Induction of programmed cell death in mammalian cells by isolates of Ross River virus
Back, Chelsea (2011) Induction of programmed cell death in mammalian cells by isolates of Ross River virus. Honours thesis, Murdoch University.
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Arthritogenic alphaviruses, such as Ross River virus (RRV) are associated with worldwide outbreaks of human polyarthritis/arthralgia. The pathogenesis of RRV and other alphaviruses is poorly understood. Studies have shown potential links between the different strains of RRV and variation in their pathogenesis and virulence. Currently there is believed to be two circulating strains of RRV, the south western (SW) from the south west region of Western Australia and the north eastern (NE) from the east coast of Australia. Studies have suggested that the persistence of RRV may be the result of an impaired immune response. This study was designed to determine if the SW and NE isolates of RRV have the ability to induce apoptosis in DCs and fibroblasts and discover any possible variation in their apoptosis-inducing capacity. Both Vero cells and murine bone marrow DCs (BMDCs) were infected with the SW74249 (SW) and SW82627 (NE) strains of RRV. A time course analysis of two apoptotic markers and a cell viability marker for both cell types was conducted by flow cytometry. The results indicate RRV- induced apoptosis in both Vero cells and BMDCs, with RRV inducing a stronger pro-apoptotic response in BMDCs than Vero cells, 24 h after infection. Between the two strains there was little variation in the Vero cells over time. In the BMDCs there was some variation with the RRV-SW strain inducing a higher percentage of cell death than the RRV-NE strain, 24 h after infection. Collectively, the data indicates that RRV has the capacity to induce a pro-apoptotic response in DCs, with the SW presenting as more aggressive compared to the NE, potentially leading to greater virulence. This data could help to explain the mechanism of RRV persistence in vertebrate hosts, as well as the reported differences in severity and duration of human clinical symptoms. Immunotherapy aimed at correcting the patient’s dysfunctional immune system, may represent a new strategy for the successful medical treatment of RRV infection.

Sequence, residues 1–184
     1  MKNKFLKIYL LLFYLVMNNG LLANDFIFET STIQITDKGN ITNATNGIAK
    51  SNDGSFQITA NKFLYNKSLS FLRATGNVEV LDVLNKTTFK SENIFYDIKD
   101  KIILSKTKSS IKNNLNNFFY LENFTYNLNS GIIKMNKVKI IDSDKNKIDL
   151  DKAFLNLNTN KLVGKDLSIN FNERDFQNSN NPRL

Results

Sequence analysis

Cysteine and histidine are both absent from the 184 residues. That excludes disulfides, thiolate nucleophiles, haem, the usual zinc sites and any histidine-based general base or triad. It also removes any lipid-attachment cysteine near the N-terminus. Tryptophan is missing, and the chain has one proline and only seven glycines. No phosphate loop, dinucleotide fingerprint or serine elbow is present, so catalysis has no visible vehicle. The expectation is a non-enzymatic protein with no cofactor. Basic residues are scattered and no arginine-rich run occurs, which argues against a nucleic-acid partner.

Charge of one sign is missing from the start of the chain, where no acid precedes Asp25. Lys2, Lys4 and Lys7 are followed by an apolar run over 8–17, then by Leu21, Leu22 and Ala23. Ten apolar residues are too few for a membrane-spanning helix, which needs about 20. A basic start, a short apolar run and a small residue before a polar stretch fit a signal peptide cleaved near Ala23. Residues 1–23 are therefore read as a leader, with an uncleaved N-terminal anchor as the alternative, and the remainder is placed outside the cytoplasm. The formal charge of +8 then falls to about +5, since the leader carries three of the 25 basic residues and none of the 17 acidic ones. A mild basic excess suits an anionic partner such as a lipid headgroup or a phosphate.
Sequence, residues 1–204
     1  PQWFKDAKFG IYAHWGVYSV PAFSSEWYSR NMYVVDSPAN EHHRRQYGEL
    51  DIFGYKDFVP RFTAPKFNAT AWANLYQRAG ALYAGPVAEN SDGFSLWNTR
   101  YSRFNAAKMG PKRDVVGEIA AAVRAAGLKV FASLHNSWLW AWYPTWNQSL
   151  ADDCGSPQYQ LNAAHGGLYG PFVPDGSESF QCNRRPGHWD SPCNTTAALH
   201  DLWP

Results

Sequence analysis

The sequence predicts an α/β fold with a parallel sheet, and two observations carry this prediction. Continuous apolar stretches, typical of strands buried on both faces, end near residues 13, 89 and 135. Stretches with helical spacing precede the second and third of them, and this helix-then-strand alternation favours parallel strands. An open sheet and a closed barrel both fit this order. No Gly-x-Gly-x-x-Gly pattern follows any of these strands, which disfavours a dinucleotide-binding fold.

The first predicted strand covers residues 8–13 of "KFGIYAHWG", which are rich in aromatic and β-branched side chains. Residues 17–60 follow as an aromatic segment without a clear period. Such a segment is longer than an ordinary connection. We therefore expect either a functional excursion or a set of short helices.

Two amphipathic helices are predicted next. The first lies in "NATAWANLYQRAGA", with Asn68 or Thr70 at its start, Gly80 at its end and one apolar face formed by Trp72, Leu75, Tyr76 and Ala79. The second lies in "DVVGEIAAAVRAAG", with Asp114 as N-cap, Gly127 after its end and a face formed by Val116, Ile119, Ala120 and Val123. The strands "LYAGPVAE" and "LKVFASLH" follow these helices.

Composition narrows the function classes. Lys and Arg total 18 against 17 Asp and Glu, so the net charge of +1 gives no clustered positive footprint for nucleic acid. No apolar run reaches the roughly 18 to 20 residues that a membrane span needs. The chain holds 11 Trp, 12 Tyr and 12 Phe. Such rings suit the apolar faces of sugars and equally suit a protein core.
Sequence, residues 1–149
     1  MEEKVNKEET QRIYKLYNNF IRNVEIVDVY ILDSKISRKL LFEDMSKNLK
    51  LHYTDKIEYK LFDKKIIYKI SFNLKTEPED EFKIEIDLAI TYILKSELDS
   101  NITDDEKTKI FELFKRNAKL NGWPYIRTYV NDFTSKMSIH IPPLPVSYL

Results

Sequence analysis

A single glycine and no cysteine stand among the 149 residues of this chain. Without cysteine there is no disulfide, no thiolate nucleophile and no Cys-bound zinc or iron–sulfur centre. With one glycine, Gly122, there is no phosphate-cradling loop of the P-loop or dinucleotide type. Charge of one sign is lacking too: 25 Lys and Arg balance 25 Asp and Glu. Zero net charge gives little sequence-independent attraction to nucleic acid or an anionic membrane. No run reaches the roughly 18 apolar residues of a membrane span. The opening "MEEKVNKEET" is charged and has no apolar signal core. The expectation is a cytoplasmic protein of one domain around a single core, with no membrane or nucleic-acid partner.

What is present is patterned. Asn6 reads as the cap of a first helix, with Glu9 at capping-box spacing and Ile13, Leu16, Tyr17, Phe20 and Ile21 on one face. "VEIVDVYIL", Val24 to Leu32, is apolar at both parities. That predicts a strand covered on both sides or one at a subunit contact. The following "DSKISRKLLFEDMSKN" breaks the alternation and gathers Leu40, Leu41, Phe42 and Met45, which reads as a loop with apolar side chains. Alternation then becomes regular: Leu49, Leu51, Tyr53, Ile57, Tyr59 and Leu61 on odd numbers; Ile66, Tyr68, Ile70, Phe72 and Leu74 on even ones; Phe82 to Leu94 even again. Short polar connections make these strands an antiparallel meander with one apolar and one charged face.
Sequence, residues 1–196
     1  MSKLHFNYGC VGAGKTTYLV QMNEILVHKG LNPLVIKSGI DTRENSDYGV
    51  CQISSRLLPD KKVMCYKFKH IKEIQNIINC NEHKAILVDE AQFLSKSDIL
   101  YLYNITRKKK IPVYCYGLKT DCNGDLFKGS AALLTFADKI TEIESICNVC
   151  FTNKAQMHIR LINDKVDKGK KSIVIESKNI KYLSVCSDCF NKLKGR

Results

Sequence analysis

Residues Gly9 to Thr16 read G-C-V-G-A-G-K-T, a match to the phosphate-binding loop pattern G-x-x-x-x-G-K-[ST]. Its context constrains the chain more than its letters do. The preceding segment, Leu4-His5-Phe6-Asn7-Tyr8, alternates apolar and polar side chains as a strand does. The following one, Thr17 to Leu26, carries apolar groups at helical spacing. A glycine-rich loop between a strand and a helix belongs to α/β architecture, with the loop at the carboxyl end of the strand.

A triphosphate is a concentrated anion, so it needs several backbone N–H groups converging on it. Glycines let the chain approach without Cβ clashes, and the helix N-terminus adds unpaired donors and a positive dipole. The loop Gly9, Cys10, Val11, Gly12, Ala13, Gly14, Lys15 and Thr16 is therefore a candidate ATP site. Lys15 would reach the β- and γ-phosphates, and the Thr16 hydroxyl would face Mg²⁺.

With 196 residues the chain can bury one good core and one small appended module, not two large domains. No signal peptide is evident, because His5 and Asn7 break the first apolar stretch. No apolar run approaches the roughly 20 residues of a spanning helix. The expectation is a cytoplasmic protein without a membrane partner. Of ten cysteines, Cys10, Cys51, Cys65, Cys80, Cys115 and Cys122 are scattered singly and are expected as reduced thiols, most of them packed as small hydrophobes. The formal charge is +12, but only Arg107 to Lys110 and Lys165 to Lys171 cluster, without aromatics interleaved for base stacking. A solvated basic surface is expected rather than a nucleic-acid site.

|Publication Type:||Thesis (Honours)|
|Murdoch Affiliation:||School of Veterinary and Biomedical Sciences|
|Supervisor:||Stumbles, Phil, Armson, Anthony, Bennett, Mark and Berry, Cassandra|
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